Abosede’s character transformation was excellent and very well portrayed not only by her growing confidence and bullying behaviour but in the evolution of her outfits. Costume designer (Katrina Lindsay) has done a fine job of styling the cast in a fabulous array of dresses and African prints which give way to far less stylish garb during the war. In the final, post-war scene, the sisters all wear white as if born anew, yet their outfits are soon to be metaphorically stained with blood. Lindsay also designed the impressive set which begins as a well-to-do, middle-class house with French doors and a comfortable patio and fashionable interior. Later as the war progressively takes its toll on the mental and physical health of the family, the actors stand in pools of spotlight, as if foregrounding and highlighting their pain. Lighting (designed by Peter Mumford) is itself an essential part of the play when Abosede argues with her husband about whether to turn out the lights to avoid detection from overhead bomber planes.
The family support the secession of Biafra, hoping that this will be a peaceful transition. Throughout the play, they argue about neo-colonialism, political strategy and education. The politics of the time is ever-present as sloganeering, political songs, flag burning all take place on stage. All the while marriages are betrayed – marriage is a journey of incremental disappointments, reflects one of the characters. The family’s uncle, Eze, played with good humour and sadness by Jude Akuwudike, advises his nieces that ‘if you go to a forest to find a perfect stick you will come back empty-handed’.
By the end of the play, everyone has lost – a home, a lover, a fiancé, hope, meaning. As in the Chekhov play, the drama ends with a declaration that we will never understand our suffering in this world. Lolo concludes, ‘I don’t understand all this suffering…when we die we will find out but I wish we knew now.’
The cast is strong throughout with excellent character development from all the main players – the three sisters as well as their brother. His crisis, having betrayed his sisters by selling the family home to manage his gambling debts and satisfy his wife, is portrayed with moving sensitivity. Nma (Anni Domingo), a woman who has worked for the family for 30 years has a wonderfully comedic presence especially in the light of her humiliation at the hands of the brother and his scheming wife. Ọka Mbem (Amarachi Attamah) is the chant poet whose haunting presence throughout the play adds to the sense of a family doomed. While her Igbo lyrics were not accessible to any non-Igbo speaking members of the audience, the tone of her incantations made her message clear.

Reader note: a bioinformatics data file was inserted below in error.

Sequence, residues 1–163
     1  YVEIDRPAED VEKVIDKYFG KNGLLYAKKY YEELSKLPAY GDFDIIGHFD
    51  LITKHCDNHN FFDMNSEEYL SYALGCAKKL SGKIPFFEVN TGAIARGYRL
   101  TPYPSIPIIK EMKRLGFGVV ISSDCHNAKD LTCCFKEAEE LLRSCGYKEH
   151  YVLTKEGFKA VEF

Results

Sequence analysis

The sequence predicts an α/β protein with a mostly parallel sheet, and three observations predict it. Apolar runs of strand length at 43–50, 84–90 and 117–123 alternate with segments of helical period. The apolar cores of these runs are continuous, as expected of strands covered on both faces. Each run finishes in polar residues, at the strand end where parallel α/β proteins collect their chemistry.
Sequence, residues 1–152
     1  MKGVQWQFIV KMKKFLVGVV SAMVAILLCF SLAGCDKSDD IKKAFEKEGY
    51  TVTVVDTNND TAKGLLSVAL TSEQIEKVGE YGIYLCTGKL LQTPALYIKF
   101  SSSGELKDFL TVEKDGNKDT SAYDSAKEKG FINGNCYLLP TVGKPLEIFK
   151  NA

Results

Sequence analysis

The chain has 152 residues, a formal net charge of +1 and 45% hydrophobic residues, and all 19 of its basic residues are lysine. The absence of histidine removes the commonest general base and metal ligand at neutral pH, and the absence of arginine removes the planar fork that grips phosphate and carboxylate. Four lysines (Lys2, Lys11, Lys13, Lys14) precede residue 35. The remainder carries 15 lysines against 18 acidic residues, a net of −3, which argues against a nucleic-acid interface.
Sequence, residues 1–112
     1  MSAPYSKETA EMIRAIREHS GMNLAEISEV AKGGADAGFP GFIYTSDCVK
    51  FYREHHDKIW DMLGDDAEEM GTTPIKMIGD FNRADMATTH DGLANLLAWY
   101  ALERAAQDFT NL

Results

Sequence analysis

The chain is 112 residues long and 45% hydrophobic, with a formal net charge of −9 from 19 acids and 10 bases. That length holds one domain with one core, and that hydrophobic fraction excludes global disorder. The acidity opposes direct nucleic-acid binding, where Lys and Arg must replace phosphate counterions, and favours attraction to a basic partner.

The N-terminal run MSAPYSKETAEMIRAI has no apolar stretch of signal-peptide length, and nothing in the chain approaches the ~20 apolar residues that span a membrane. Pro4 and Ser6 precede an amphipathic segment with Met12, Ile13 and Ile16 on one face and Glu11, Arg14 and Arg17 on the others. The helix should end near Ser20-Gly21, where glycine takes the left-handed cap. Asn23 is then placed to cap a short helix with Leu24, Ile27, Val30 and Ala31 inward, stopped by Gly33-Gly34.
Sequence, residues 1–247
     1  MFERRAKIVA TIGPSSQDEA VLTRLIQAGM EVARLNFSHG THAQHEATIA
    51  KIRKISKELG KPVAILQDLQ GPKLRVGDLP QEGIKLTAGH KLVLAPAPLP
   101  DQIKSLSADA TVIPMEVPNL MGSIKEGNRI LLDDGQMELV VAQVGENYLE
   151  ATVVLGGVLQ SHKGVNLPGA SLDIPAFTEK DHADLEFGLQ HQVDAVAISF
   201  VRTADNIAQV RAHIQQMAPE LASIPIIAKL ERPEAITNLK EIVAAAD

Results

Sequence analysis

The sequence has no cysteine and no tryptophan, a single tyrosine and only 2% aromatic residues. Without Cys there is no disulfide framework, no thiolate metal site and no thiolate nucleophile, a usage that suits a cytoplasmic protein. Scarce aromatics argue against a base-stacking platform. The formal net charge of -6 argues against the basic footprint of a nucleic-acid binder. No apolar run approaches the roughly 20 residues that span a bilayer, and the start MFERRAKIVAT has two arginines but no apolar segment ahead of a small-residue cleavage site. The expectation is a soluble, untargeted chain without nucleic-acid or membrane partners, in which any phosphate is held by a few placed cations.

Three Sisters is a history lesson on the Biafran War, the colonisation of Nigeria, neo-colonialism and the role of Britain’s exploitation of the country’s oil resources. At times it comes across as somewhat didactic, yet I appreciated the background information as did my younger companion who was born so long after the war and famine in Biafra as to have no prior knowledge of it.
Any play that runs to three hours needs to earn its length. Three Sisters generally moved at a good pace, albeit at times straying into polemic. It was full of drama, sympathetic characterisation, love, loss, longing and the ongoing politics of war. The actors were dynamic and engaged and the audience responded with delight and jubilation.
Three Sisters is on at the National Theatre until 19 February.
Lambeth SE1 9PX
Also showing at the National Theatre and highly recommended is My Brilliant Friend a two-part adaptation of the Neopolitan Novels. Or for something a little more festive, how about Circus 1903, coming soon at the Royal Festival Hall. We saw last year’s production and loved every minute